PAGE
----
True/false questions also raise the problem of response bias.Some people are consistently more inclined to answer True or False.
True/false questions also raise the problem of response bias.Some people are consistently more inclined to answer True or False.Tags: Critical Thinking Paper TopicsBusiness Plan Template Word MacDiscursive Essays To CopyFree Will Essay1st Puc Midterm Question PapersSeasons Of EssayOptus Business Mobile PlansCrediting Quotes In An EssayResearch Paper About Cyber BullyingCritical Analysis Essay Movies
If students can guess the answers to a test, they will not study for it.
To motivate students to study and learn, one must design quiz items that are not easily guessed without good studying.
As for the complaint that giving students study questions results in "teaching the test", the solution is to offer study questions for all the most important ideas in an assignment. Teaching the Test (so to speak) was actually part of the system in Keller Plans, an independent study method popular in the 1970s.
Students were given lots of specific objectives or study questions, and they received many opportunities to take quizzes covering that material. In fact, Keller Plans were one of the few educational innovations in the entire 20th Century that produced better results, consistently, than traditional lecture/discussion methods of instruction. Over the years I noticed that my best students disliked them the most.
When these are eliminated, learning the material becomes the easiest way to pass a quiz.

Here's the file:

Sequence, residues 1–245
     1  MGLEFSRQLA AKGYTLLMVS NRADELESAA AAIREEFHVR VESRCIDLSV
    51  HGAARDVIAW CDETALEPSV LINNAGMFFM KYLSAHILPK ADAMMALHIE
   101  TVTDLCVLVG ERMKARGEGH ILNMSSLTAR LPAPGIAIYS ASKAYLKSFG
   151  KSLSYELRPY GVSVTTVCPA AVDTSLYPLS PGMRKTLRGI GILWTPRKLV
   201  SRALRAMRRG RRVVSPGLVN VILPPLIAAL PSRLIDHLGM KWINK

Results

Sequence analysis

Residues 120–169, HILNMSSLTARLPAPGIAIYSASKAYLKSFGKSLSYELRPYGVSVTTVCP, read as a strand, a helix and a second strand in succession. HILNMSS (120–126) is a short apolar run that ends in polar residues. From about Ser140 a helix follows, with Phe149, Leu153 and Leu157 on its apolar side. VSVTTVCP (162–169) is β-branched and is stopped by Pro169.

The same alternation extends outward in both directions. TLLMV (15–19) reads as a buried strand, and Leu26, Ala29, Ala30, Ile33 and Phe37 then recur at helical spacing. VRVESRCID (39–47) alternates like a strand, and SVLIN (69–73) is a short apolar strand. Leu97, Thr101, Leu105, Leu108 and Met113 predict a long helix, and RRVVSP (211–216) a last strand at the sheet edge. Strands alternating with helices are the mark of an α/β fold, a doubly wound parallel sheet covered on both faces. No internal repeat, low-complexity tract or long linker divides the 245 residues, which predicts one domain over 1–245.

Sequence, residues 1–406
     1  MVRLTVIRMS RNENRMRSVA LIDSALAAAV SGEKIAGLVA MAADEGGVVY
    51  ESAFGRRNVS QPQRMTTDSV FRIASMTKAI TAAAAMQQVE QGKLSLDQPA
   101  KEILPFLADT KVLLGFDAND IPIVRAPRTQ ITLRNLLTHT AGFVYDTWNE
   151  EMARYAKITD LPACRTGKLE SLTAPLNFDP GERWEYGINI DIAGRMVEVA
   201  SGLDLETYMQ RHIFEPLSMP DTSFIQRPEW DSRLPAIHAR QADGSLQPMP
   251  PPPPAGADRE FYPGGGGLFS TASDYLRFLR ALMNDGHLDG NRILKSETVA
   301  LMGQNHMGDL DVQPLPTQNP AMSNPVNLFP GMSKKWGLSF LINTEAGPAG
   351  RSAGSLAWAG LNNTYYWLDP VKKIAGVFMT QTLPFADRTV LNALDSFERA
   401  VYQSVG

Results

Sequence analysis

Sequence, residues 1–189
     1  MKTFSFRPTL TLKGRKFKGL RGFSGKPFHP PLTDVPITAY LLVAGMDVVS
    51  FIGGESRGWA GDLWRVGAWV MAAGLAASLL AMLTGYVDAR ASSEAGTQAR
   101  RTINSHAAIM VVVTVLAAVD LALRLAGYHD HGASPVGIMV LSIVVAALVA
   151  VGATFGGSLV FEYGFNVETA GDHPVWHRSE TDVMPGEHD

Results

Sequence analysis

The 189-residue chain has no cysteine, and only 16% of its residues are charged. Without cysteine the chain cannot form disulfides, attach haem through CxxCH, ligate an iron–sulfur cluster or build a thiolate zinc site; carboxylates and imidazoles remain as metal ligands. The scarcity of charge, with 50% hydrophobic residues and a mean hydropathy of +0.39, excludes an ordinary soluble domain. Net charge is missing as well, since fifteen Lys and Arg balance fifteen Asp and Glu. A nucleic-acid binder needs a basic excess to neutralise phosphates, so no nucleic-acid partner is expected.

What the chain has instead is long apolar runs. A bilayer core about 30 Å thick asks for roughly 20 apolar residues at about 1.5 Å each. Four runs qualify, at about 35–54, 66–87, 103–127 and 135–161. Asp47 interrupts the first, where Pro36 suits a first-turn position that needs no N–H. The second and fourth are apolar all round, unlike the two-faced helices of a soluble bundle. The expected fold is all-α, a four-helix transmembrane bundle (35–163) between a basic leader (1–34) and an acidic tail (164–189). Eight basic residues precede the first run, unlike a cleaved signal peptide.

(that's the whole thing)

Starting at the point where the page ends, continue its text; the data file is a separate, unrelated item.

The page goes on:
Rule of thumb: "Do not pick the same alternative more than twice in a row." To defeat this strategy: use randomly generated answer positions.When options like are included in multiple choice items, students are put in the position of making True/False evaluations.Better to have four or five alternatives with only one correct.I did this, and sometimes there were runs of 3 or 4 of the "same answer" on a quiz, purely by chance.Rule of thumb: "Pick a word which you remember was related to the topic." To defeat this strategy: when drawing up distracters (wrong answers) use terminology from the same area of the text as the right answer, but in distracters use those words incorrectly so the wrong answers are clearly wrong.When teaching auditorium-sized introductory psychology classes based on my textbook (the same one now online) I used the study questions ("quickcheck" questions) that were in the margins of each page, next to the relevant material, in the print version.These study questions covered virtually every important concept from the chapter.Therefore students most in need of help are likely to flounder even more painfully if they must guess what to study.The obvious solution to this problem is to give students specific study questions, then draw upon that pool of study questions when constructing test items.Students need practice formulating arguments, expressing things clearly, and integrating ideas.Nobody would argue that all testing should be multiple choice.